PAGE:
Talking Back to Civilization
Talking Back to Civilization , edited by Frederick E. Hoxie, is a compilation of excerpts from speeches, articles, and texts written by various American Indian authors and scholars from the 1890s to the 1920s. As a whole, the pieces provide a rough testimony of the American Indian during a period when conflict over land and resources, cultural stereotypes, and national policies caused tensions between Native American Indians and Euro-American reformers. This paper will attempt to sum up the plight of the American Indian during this period in American history.
American Indians shaped their critique of modern America through their exposure to and experience with “civilized,” non-Indian American people. Because these Euro-Americans considered traditional Indian lifestyle savage, they sought to assimilate the Indians into their civilized culture. With the increase in industrialization, transportation systems, and the desire for valuable resources (such as coal, gold, etc.) on Indian-occupied land, modern Americans had an excuse for “the advancement of the human race” (9). Euro-Americans moved Indians onto reservations, controlled their education and practice of religion, depleted their land, and erased many of their freedoms. The national result of this “conquest of Indian communities” was a steady decrease of Indian populations and drastic increase in non-Indian populations during the nineteenth century (9). It is natural that many American Indians felt fearful that their culture and people were slowly vanishing. Modern America to American Indians meant the destruction of their cultural pride and demise of their way of life.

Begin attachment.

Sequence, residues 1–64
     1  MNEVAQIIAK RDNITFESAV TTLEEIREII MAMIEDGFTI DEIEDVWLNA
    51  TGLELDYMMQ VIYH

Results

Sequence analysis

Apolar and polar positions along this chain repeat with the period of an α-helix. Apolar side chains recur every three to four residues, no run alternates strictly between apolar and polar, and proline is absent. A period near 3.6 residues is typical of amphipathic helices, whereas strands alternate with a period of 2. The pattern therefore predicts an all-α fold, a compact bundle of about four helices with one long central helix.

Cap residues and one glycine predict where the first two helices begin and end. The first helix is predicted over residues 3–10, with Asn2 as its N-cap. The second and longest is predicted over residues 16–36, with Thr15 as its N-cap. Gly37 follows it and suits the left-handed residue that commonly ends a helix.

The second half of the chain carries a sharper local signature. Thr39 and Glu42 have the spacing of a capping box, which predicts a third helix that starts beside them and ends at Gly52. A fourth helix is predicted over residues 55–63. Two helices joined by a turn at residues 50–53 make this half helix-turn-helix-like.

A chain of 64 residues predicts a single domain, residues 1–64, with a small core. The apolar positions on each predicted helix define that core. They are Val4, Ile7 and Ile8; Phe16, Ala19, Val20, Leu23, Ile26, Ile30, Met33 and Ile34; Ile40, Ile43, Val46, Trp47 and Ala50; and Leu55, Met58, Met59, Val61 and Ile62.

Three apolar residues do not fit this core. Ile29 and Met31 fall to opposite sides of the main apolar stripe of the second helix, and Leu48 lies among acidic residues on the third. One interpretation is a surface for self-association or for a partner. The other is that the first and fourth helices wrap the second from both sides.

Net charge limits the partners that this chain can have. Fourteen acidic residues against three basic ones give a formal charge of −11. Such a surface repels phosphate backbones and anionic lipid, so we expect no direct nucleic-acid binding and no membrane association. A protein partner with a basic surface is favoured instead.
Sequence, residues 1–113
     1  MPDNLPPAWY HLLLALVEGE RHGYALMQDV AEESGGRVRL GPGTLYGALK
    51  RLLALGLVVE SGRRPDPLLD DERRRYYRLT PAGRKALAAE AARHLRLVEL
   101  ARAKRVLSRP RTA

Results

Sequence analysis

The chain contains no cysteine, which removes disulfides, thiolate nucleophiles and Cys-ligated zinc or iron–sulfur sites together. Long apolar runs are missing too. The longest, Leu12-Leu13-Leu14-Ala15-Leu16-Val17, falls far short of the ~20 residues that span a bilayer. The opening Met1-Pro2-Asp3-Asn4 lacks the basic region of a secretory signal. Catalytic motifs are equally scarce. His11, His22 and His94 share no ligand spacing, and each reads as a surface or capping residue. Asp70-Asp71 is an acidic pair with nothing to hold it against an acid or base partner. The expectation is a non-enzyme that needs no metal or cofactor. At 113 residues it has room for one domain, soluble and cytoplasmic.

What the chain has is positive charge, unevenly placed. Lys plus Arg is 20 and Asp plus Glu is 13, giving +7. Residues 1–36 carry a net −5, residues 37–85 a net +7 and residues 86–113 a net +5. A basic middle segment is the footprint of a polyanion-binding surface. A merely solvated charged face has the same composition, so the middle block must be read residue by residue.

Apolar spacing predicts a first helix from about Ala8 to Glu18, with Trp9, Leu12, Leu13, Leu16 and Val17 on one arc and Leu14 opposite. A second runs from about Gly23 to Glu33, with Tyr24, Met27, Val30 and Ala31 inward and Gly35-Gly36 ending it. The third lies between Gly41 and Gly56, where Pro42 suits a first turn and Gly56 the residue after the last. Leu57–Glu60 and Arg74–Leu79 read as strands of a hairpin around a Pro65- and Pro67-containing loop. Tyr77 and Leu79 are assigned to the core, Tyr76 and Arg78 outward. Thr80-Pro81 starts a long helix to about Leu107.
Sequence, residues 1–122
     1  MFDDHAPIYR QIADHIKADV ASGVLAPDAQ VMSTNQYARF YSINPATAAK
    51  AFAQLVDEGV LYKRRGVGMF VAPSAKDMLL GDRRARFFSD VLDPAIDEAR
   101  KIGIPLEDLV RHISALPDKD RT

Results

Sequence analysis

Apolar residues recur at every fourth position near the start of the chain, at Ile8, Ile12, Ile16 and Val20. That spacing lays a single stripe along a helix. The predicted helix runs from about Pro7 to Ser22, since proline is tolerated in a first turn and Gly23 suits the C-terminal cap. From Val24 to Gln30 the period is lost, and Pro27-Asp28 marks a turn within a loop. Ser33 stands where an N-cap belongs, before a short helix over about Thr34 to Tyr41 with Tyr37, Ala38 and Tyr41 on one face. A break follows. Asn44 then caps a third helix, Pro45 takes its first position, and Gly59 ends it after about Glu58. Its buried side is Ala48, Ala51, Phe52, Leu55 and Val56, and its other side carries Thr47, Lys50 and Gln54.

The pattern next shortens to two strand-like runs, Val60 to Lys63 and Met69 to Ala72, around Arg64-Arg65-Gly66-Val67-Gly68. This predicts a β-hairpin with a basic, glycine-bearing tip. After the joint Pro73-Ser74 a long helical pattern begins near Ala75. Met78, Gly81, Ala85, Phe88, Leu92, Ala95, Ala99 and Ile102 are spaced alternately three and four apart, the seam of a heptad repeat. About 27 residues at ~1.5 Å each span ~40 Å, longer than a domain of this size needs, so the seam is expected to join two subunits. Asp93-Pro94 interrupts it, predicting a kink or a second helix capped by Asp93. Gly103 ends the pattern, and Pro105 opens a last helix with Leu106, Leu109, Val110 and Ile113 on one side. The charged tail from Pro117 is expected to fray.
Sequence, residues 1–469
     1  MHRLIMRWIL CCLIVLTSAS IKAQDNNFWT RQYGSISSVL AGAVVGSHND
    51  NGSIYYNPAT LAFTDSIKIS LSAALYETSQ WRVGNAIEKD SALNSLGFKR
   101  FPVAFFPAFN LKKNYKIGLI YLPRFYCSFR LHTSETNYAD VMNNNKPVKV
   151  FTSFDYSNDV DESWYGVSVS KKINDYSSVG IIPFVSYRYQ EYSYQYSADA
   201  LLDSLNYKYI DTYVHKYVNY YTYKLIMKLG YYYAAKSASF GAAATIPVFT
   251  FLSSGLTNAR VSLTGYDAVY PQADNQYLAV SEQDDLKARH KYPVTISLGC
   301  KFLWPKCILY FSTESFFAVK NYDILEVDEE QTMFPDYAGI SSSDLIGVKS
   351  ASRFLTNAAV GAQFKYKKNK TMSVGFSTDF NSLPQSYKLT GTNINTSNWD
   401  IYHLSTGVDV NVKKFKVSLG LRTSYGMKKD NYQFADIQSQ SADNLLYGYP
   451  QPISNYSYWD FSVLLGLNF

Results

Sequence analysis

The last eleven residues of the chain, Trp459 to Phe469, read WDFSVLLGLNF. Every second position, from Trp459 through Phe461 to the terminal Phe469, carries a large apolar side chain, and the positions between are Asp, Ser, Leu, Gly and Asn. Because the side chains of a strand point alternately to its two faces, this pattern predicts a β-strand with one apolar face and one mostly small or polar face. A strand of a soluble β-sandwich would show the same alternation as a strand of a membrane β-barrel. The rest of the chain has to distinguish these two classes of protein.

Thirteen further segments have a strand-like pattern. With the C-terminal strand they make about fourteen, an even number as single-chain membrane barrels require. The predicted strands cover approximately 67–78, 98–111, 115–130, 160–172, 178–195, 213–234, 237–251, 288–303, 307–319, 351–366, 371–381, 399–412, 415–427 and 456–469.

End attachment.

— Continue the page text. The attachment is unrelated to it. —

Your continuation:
American Indians associated many things with the injustice of modern America: their poor education, containment onto reservations, restricted freedoms (of religion and traditions), and limited rights as so-called American citizens. An advocate for Indian education, Henry Roe Cloud wrote, “Is the Indian a ward of the government or a citizen? What are his rights and duties? . . . [He] must be trained to grapple with these economic, educational, political, religious and social problems” (59, 60). Cloud challenged the American educational system by rhetorically questioning the meaning of Indian citizenship and campaigning for more Indian societal responsibilities. In the Society of American Indians' (SAI) Quarterly Journal , progressivist Carlos Montezuma wrote, “Reservations are prisons where our people are kept to live and die, where equal possibilities, equal education and equal responsibilities are unknown” (93). In Indian schools, children were not even allowed to speak their native language for fear that they might return to their savage ways. Essentially, American Indians only wanted equal rights and equal citizenship; they wanted Euro-Americans to stop treating them like lower-level beings. But Euro-Americans continued their quest to mother the...